By Dennis D. Rooney
Founded in 2010 at Los Angeles’s Colburn Conservatory of Music, the Calidore String Quartet’s name is a pastiche of “Cali(fornia)” and “doré,” French for “golden.” Now based in New York, it has garnered a brace of prestigious awards and recently completed a residency with the Chamber Music Society of Lincoln Center II.
The group’s concert Sunday at the Society of the Four Arts in Palm Beach was the Calidore’s third local appearance, and they offered a meaty program indeed, which opened with Haydn’s Quartet in D (Op. 64, No 5) which has the nickname “Lark” on account of the trilling and twittering in the first violin part. It is one of six quartets that Haydn composed in 1790 and dedicated to Johann Tost, once a violinist in Haydn’s orchestra at Eisenstadt who left to become a merchant and entrepreneur.
Because Tost was able to arrange publication of many of the composer’s other quartets, Haydn dedicated his Op. 64 set to him. The members of the Calidore — violinists Jeffrey Myers and Ryan Meehan; cellist Estelle Choi; and violist Jeremy Berry, seated onstage in that order — offered cultivated tone and nice attention to dynamic contrasts throughout its four movements. First violin Myers plays with a certain tonal austerity, which undervalued the cantabile in the Adagio; however, the Scherzo and Vivace finale had excellent spirit.
Haydn was followed by Shostakovich, his 1961 Quartet No. 9 (in E-flat, Op. 117), which replaced an earlier ninth quartet that dissatisfied him, whereupon he burned it. The replacement consists of five marked movements linked together. The opening Moderato con moto plays around with the composer’s “musical signature,” the pitches D, E-flat, C and B that form his first initial and the first three letters of his surname in German spelling (DSCH).
Unlike his Eighth Quartet from the previous year, in which those pitches are ubiquitous, in the Ninth he merely alludes obliquely to them, sometimes in various inversions. The smooth opener leads to an Adagio in which the cantabile gradually gathers speed to launch the Allegretto third movement, mostly scherzo-like but with the addition of klezmer elements and hints of Rossini’s William Tell overture. The tempo slows to introduce a second Adagio and the texture becomes homophonic and suggests liturgical chant.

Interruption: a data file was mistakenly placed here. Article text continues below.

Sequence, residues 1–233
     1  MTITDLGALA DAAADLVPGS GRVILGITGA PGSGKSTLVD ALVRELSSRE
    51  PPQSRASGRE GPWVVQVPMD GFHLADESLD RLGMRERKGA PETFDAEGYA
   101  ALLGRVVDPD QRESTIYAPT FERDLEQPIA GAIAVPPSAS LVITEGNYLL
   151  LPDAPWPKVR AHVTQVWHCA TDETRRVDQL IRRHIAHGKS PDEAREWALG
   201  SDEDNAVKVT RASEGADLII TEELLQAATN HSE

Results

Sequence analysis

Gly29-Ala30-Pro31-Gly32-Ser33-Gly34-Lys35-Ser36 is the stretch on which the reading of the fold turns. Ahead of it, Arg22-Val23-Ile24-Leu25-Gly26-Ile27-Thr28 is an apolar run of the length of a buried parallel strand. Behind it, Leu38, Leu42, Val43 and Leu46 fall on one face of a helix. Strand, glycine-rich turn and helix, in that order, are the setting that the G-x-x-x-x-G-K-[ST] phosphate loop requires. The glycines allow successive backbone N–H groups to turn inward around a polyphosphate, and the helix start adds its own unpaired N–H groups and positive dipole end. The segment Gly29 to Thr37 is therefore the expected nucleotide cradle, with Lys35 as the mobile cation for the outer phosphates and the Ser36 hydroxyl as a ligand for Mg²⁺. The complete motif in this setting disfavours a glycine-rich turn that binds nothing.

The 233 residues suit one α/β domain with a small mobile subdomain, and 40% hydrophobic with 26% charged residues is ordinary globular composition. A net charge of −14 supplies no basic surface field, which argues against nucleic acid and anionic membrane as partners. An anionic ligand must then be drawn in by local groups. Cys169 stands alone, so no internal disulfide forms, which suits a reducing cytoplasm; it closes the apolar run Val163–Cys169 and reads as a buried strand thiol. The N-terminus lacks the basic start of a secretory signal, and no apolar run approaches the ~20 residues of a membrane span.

It eventually wends its way to the Allegro finale, which itself consists of five sections and is the longest movement of the work. In a quiet passage for cello that follows a fugue, cellist Choi ran into some trouble that affected both her harmonics and some pitches. It was the only blemish on the Calidore’s otherwise compelling account of a work that many in the audience found a tough nut to crack. Nevertheless, they remained quiet and no cellphones rang.
After intermission came another challenging work: Beethoven’s Quartet in F (Op. 59, No. 1), one of a set of three works from 1806, commissioned by and dedicated to Count Andreas Kirillovich Rasumovsky, the Russian ambassador to the Habsburg Court in Vienna. They were published in 1808 and are the first quartets from his middle period. Together with such coeval works as the Third and Fourth Symphonies, and Piano Concertos Nos. 3 and 4, they share a preoccupation on expanding all elements of form, harmony and instrumental character.
Whereas Beethoven’s Op. 18 Quartets were works anchored in the 18th century, the Op. 59 set looks ahead. In the process, Beethoven’s executive and expressive demands on his performers bore down relentlessly. The Quartet in F, which lasts nearly twice the length of any Haydn quartet, begins modestly with a tune heard in the cello and later shared by the violins and viola. It is subjected to much development, in the course of which Beethoven dispenses with the customary exposition repeat. The succeeding scherzo is highly rhythmic and jokey, while the Adagio molto e mesto that follows it is the longest of the four movements.
In the extended cantabile played by the first violin, I wished for more legato phrasing from Myers, who seemed inclined to a choppiness that didn’t suit the material. However, in the 32nd- and 64th-note passages near the end of the movement (which are closely related to similar passages in the Violin Concerto, Op. 61) he played expressively and highly effectively, as the movement led, attacca, to the Thème russe that opens the Allegro movement. Count Rasumovsky stipulated that Beethoven put a Russian theme in each of “his” quartets. Beethoven claimed to have found the theme in a book of Russian songs, although it is unidentified. Apparently, it seemed genuine enough to please the count.
The Calidore’s entire performance was distinguished by both firm control of formal elements and superbly proportioned ensemble sonority ideally suited to chamber music, a quality not so commonly encountered as it ought to be. Perhaps Choi could have supplied a stronger harmonic foundation in many places but it was a small lack when compared to their outstanding instrumentalism displayed throughout.